QuestionWhat if the cat cannot be taken into the home but we want to care for it?wikiHow ContributorCommunity AnswerThe cat should be seen by a vet before considering keeping it. If you are not allowed to have the cat inside the house, you will also need to make a shelter for it in the backyard, so that it has somewhere safe to sleep and keep out of the bad weather. Otherwise, it may just end up straying again. See https://www.wikihow.com/Take-in-a-Stray-Cat for more ideas on what you might do.Thanks!
QuestionWhat if I want to keep the stray cat?wikiHow ContributorCommunity AnswerBuy all of the materials needed to take care of a cat, and take the cat to the vet to make sure that it gets the required shots and is disease-free.Thanks!
Before you try to trap a stray cat, feed it for 2-3 days so it has a reason to stay in the area. Then, set up the trap with the same food you’ve been using, placing a small teaser at the front of the cage and more treats at the back. Check your trap regularly to make sure you don’t leave the cat trapped outside for a long time. Once you’ve caught the cat, arrange to have it medically treated at a vet and contact a local cat rescue shelter to organize a new home for it. Alternatively, if you’re looking for a pet, consider keeping the cat!
- Some rescues and animal welfare organizations will lend you a live trap for free.
- Cats can be picky about people. If the cat doesn't seem to warm up to you, ask a friend to try instead.
- Domesticating feral cats can be tough. If the cat is a part of a feral cat colony, the ASPCA recommends the Trap-Neuter-Return method. Capture it, take it to the vet, and then return it to the colony to live out the rest of its life.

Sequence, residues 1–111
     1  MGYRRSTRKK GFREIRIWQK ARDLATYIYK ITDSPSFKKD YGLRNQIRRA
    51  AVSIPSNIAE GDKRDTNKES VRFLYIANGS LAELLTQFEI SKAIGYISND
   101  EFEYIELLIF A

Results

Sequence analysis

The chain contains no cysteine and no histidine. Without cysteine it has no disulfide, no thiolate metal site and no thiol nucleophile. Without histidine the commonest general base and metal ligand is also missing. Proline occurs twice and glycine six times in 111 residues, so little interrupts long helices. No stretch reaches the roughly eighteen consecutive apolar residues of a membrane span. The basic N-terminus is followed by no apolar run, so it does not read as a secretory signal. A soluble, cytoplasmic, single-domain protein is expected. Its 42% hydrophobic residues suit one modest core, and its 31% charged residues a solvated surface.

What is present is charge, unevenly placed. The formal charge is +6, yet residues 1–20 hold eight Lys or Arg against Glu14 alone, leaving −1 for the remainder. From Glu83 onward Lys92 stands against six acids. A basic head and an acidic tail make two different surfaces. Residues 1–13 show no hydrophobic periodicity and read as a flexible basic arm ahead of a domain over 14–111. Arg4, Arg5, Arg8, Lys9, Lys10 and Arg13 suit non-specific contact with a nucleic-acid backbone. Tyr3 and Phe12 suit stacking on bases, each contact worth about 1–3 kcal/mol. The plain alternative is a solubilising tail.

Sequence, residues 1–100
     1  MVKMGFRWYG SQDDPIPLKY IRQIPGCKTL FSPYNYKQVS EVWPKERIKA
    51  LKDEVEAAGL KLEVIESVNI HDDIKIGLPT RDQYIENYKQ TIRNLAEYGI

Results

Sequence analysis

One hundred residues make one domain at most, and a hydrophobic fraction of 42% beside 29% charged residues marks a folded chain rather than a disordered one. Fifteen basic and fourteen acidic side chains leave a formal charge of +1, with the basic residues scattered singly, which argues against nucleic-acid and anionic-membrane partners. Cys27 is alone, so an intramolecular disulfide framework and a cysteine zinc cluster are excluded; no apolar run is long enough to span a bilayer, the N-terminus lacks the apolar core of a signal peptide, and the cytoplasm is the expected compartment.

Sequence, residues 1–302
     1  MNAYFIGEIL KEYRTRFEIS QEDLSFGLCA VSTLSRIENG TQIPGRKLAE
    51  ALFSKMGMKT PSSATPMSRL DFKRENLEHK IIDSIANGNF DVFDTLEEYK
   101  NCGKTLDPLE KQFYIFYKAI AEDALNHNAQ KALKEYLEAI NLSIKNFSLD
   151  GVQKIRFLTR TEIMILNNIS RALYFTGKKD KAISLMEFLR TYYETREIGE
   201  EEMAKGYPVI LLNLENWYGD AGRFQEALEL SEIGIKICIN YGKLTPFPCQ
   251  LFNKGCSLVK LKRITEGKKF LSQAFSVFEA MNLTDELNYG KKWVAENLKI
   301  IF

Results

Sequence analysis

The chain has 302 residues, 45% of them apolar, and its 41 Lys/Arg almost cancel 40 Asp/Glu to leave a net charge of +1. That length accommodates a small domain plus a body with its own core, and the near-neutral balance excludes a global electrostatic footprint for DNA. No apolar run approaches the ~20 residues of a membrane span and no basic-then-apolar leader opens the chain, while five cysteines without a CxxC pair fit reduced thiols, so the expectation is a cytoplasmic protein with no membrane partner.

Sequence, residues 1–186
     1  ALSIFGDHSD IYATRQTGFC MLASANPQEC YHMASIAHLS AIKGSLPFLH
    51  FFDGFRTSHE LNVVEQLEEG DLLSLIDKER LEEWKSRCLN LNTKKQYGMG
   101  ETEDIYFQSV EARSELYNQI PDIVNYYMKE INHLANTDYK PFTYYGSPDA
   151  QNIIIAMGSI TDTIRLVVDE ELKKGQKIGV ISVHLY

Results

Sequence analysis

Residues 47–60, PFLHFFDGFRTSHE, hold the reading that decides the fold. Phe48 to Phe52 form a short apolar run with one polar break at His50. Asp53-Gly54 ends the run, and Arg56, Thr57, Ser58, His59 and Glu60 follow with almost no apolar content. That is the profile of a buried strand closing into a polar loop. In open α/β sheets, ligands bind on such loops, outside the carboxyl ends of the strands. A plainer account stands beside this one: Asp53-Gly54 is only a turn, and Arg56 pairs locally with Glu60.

- Wear thick clothing when attempting to catch a stray, in case the cat tries to claw you.
- Do not take the cat to a pet store or high-kill shelter. Research any organization before turning the cat over to them.
- Determine if the cat is a stray or feral. You may need help from a cat rescue group to do this. One thing to look for is that feral cats are almost never vocal.
- Even if you don't have a shelter nearby, check the Internet for shelters in nearby counties. They may be able to help you.
- It's okay to pick up small kittens by the scruff of their neck, but doing so on an adult cat will hurt them. They can also twist their bodies around and scratch you in this position.
- Be careful about separating kittens and mothers. Kittens shouldn't be weaned from their mothers before 4-6 weeks, so if you capture a nursing mother, on the other hand, her kittens might die if left on their own.
- Animal bites are serious! If you get bit, seek medical attention and keep the cat quarantined in case it has rabies or some other communicable disease.
- Strays can carry diseases such as feline leukemia and distemper. Wash your hands and clothing thoroughly before handling your own pets. Keep the stray away from your pets and their things, including their carrier and litter box, until you have had a chance to take it to a vet.
- Never feed an owned cat unless you have permission from their owner. It could have dietary issues like diabetes. Or the cat might get used to being fed outside and abandon its owner.